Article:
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    Review for Naruto Shippuden Movie 3: The Will of Fire Blu-ray / DVD Combo Pack

    7 / 10


    If you don’t know what Naruto is by this point, you’re probably too late to the party. Go back to the beginning and start from scratch, as this third Naruto Shippuden movie, the sixth overall is the least new viewer friendly feature of the lot. In fact, at this point, I’m not even going to bother recapping the story, or explaining who the characters are. It will just take far too long. For those who are keeping track with the Naruto story, just like all the other feature films, Naruto Shippuden: The Movie 3 - The Will of Fire is a standalone feature unrelated to the ongoing storyline in the series. For the sake of continuity fiends, this story takes place just prior to the arc currently unfolding in the Naruto Shippuden series DVDs as released by Manga Entertainment. To further clarify, Jiraiya has a part in this movie, but Asuma does not (well he does in flashback, but you get what I mean...).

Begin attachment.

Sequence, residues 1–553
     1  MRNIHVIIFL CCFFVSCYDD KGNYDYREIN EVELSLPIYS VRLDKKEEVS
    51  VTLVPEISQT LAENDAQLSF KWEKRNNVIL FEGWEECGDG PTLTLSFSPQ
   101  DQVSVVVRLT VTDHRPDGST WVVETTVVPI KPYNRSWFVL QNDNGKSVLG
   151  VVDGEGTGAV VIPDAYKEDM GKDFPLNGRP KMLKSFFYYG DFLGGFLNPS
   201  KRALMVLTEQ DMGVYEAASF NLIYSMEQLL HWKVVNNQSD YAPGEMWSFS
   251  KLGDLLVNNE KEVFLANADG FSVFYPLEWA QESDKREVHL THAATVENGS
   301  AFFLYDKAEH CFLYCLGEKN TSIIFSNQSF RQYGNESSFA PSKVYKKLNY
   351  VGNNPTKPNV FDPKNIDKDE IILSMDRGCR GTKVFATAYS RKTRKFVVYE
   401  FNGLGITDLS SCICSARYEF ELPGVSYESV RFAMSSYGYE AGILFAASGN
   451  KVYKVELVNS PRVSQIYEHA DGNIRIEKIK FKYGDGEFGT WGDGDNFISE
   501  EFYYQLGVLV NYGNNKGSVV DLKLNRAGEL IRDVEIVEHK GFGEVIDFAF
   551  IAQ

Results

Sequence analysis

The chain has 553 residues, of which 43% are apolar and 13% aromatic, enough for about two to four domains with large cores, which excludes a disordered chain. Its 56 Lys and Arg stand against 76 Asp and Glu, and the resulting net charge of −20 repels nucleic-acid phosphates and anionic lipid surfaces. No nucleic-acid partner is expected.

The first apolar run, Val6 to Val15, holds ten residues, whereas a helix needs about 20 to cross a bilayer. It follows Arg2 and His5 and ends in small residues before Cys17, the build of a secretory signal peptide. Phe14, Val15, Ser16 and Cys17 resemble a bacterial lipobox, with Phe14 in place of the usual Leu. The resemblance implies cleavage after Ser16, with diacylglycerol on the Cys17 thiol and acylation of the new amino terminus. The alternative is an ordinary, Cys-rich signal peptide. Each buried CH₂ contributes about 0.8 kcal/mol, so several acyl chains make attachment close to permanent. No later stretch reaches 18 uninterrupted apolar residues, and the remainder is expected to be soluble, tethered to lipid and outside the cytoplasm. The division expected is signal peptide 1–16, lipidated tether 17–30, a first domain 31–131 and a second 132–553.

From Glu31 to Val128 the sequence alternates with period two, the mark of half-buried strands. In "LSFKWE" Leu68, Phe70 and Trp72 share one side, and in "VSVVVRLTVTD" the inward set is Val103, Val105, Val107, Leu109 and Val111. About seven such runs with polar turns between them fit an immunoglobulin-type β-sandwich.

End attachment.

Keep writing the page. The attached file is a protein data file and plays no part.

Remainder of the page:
Hiruko was a Leaf Ninja once upon a time, a contemporary of the three great sages, but lacking their powers and talents, he took to illicit means to increase his own power. Now he’s figured out a way to gain the ultimate power, and to do that he’s capturing all the ninja with a Bloodline Limit to use in his arcane ritual. He only needs one more specific individual before he becomes immortal, and he’ll invoke a Fourth Great Ninja War between the major ninja powers. That final individual is one Kakashi Hatake, Naruto’s teacher, and Hiruko sowed the seeds of his plans several years ago. Fortunately Kakashi realises in time that he’s been marked by Hiruko, and with Tsunade he comes up with a plan to defeat the villain. It will mean sacrificing his own life though, something any ninja must be prepared to do for his village.